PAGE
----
Christmas shopping is going full tilt both at the brick-and-mortar stores as well as online. Then there are all the special events — the Christmas parties, programs, concerts and worship services.
Speaking of concerts, I went to two wonderful Christmas concerts this past weekend, and the music was just outstanding. Not only do I love Christmas, I love the music of Christmas. It is so beautiful and inspiring.
When you think of all the great Christmas songs, you have to admit that they have added so much to our culture and way of life. I can hardly wait to sing the songs of Christmas at church. In fact, I start listening to Christmas music online pretty much the week after Thanksgiving.
Just out of curiosity, I decided to Google “The Ten Greatest Christmas Carols” the other day. I must say that I was a bit disappointed with what most of the lists came up with. One list had the following, beginning with No. 10: “Must be Santa,” “Jingle Bell Rock,” “Baby, It’s Cold Outside,” “It’s the Most Wonderful Time of the Year,” “I Saw Mommy Kissing Santa Claus,” “Feliz Navidad,” “Let it Snow,” “White Christmas,” “Silent Night” and “The Christmas Song” by Nat King Cole.
What? No “Rudolph the Red-Nosed Reindeer”?
Now I get it — those songs are probably indeed very popular. Most people find them cute and even fun. OK, I’ll confess, sometimes I even find myself humming along to them when I hear them on the radio. Still, most of them completely miss the mark as far as describing the original story of Christmas. At least “Silent Night” made the list.
For me, and I’m sure most of my readers, Christmas is far more than a cute story about Santa Claus, elves, reindeer and cold, snowy winter nights made for snuggling. It is the miraculous story of a gracious, loving God reaching out to the world in the gift of His Son, Jesus. This biblical story, found in Luke, chapter 2, and Matthew, chapter 2, is declared in so many ways in countless magnificent songs and carols from cultures all around the world. And most every song conveys the message of peace, love and joy which so well describes the Gospel. You cannot help being inspired by them.
So, here’s my list of the top 10 sacred Christmas songs and carols, beginning with No. 10: “O Come, O Come, Emanuel,” “Good Christian Friends (Men), Rejoice,” “Lo, How a Rose E’re Blooming,” “Away in a Manger,” “What Child is This,” “O Little Town of Bethlehem,” “The First Noel,” “O Come, All Ye Faithful,” “Angels from the Realms of Glory,” “While Shepherds Watched Their Flocks By Night,” “Hark, the Herald Angels Sing,” “Silent Night,” “Joy to the World” and “O Holy Night.”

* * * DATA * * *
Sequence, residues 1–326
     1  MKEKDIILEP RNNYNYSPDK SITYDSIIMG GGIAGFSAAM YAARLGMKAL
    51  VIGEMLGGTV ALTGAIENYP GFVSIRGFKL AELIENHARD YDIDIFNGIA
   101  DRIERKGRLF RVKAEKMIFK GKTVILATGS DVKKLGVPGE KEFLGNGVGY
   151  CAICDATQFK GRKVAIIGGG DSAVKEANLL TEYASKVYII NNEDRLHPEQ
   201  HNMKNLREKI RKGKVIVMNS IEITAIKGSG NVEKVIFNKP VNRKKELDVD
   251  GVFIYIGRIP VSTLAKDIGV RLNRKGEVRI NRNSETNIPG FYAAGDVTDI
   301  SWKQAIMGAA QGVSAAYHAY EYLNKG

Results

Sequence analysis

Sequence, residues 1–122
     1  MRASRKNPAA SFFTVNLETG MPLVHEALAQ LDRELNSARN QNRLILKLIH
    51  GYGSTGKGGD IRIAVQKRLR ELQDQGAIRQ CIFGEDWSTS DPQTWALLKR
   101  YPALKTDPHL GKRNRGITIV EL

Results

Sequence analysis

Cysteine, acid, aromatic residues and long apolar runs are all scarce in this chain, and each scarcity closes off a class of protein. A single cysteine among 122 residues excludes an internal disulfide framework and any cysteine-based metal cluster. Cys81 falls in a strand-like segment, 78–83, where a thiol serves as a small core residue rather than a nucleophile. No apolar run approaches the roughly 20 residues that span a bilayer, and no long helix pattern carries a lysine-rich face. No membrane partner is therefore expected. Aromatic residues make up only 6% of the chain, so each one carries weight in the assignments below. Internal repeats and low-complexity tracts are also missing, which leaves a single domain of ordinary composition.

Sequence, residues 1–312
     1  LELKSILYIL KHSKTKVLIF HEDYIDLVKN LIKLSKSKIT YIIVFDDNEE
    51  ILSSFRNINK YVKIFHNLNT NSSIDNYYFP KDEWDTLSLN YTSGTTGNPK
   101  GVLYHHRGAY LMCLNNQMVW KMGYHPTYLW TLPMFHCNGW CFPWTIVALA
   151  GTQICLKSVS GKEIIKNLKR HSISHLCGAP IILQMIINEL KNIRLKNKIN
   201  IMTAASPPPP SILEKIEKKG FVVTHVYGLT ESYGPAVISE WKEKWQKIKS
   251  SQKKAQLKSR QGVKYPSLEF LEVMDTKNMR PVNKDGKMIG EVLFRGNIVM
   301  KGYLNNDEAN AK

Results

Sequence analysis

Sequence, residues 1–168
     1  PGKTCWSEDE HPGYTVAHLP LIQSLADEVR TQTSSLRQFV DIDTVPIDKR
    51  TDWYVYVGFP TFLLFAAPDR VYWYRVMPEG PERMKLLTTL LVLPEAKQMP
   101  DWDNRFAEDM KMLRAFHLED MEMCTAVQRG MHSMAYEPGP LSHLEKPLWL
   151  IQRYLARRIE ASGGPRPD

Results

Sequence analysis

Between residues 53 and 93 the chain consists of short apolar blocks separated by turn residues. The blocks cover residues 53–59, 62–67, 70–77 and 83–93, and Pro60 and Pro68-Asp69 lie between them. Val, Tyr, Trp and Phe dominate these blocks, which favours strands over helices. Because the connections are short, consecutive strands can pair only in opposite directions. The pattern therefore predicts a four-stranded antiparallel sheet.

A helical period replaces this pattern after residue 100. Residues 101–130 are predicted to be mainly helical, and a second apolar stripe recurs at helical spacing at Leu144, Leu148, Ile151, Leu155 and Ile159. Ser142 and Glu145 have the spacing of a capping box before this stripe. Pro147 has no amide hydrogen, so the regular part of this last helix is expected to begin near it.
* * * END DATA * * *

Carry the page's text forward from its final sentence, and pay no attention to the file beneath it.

Wow, that was hard! There are so many great Christmas songs. If you counted, I think you will discover that I put more than 10 in the list. And I could have included many more.
I encourage you to listen to these songs during the month of December. Or, better yet, I sincerely encourage you to attend a Christmas service at one of our local churches and sing the songs with a group of others. To do so is an extremely uplifting and inspiring experience. And I can’t help but think that the reason these songs are such a blessing is because they tell us with great joy how God, loving the world so much, sends His Son, Jesus, to teach us how to love others.
I once heard of an old Christmas legend about how God called the angels of heaven together one day for a special choir rehearsal. God had a special song He wanted them to sing, saying they would sing the song on a very significant occasion.
As time passed, the angels sounded better and better. Finally, God announced that they were ready. But He shocked them by saying that they would sing the song only once on one night. The angels weren’t too pleased with that. It was such a beautiful song they thought they should sing it again and again. God just smiled, knowing that they would soon understand.
When the night came, God called the choir together and gathered them above a field just outside of Bethlehem. At God’s instruction, they began to sing, “Glory to God in the highest, and on earth peace, goodwill toward all.” Needless to say, they sang it beautifully, heralding the birth of a tiny baby.
Some of the angels loved the song so much that they begged God for permission to sing it again. “Why can’t we sing that song anymore?” they asked.
“Because,” God answered, “my Son has been born, and now the Earth must do the singing!”
Indeed, what God did was so wonderful that we must sing about it. So sing!
— By the Rev. John Koedyker, pastor of congregational care at First Reformed Church, Grand Haven.